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Five Reasons You Shouldn't Ignore (Insert Name of Shiny New Social Media Platform Here)

by Dave Cutler  |  
April 9, 2012

I recently met an owner of retail stores in the Greater Boston area. Having successfully implemented social networks and mobile platforms for her stores, I asked if she planned to create an Instagram account for the brand.

She said that she’d considered it then asked, “Why should I?” My initial response was “Why not?” When she couldn’t immediately answer, I seized the opportunity and outlined why it made sense for her to try out Instagram.

The reasons to consider trying Instagram are the same reasons to consider trying almost any shiny new social media platform that emerges. Here are a few reasons for exploring new platforms.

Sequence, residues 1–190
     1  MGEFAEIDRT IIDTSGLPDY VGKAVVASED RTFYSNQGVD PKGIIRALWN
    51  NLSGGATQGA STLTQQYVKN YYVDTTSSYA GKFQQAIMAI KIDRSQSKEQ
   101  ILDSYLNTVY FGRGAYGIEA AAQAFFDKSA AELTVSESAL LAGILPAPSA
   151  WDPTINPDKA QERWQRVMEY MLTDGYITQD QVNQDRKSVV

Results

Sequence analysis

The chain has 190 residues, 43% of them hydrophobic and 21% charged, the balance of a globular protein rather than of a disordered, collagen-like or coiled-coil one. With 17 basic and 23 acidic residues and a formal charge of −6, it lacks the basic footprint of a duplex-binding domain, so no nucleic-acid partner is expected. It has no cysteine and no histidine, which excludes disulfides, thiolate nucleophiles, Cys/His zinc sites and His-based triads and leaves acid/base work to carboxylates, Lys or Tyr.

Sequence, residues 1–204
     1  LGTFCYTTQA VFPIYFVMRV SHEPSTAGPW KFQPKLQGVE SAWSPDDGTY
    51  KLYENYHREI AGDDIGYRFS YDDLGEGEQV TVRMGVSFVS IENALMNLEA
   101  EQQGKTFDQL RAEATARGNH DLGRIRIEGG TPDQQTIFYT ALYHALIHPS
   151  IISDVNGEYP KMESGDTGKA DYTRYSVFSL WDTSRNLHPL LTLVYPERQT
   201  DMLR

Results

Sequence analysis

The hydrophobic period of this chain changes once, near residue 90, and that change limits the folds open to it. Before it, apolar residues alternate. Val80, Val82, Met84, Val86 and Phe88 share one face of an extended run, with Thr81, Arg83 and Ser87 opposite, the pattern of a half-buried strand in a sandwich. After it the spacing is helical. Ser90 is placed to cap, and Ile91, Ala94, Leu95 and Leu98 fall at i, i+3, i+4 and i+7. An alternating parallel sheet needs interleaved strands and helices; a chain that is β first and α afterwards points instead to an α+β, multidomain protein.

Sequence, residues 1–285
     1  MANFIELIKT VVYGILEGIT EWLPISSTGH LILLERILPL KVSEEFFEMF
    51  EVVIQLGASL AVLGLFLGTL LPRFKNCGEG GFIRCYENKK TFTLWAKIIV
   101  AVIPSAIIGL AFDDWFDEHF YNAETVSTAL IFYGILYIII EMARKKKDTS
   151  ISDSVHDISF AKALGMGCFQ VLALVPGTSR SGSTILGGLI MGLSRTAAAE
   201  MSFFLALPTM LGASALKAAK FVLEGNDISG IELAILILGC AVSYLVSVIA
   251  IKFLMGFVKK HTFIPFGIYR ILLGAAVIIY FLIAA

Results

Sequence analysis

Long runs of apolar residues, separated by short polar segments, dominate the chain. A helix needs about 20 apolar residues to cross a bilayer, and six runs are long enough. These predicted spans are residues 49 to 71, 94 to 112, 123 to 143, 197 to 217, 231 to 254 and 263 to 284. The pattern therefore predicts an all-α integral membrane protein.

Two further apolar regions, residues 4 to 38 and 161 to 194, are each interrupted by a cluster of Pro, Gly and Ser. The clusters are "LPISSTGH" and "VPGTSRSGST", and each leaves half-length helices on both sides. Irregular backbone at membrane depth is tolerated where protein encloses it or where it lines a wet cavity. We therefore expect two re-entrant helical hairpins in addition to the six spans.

1. Just because

Each business is as different as its audience is. Discovering which platform (be it Instagram, Google+Pinterest, or Foursquare) best lets a company or brand speak to its target demographic is a process of trial and error. That shiny new platform you keep reading about---and secretly keep hoping is a flash in the pan---just might be incredibly beneficial. So, why rob yourself of an opportunity to improve your business’s bottom line? Put another way: Nothing ventured, nothing gained.

2. Not everything worth using requires a lot of your time

As you read this, you may be asking yourself where you will find the time to explore these new platforms---especially when you’re already spread too thin. One of the biggest obstacles I face in convincing clients to adopt new platforms or channels is time, which is in short supply for most small businesses. A business's primary social networks (Twitter and Facebook) bring with them weighty and time-consuming expectations regarding the frequency of posts and immediacy of response.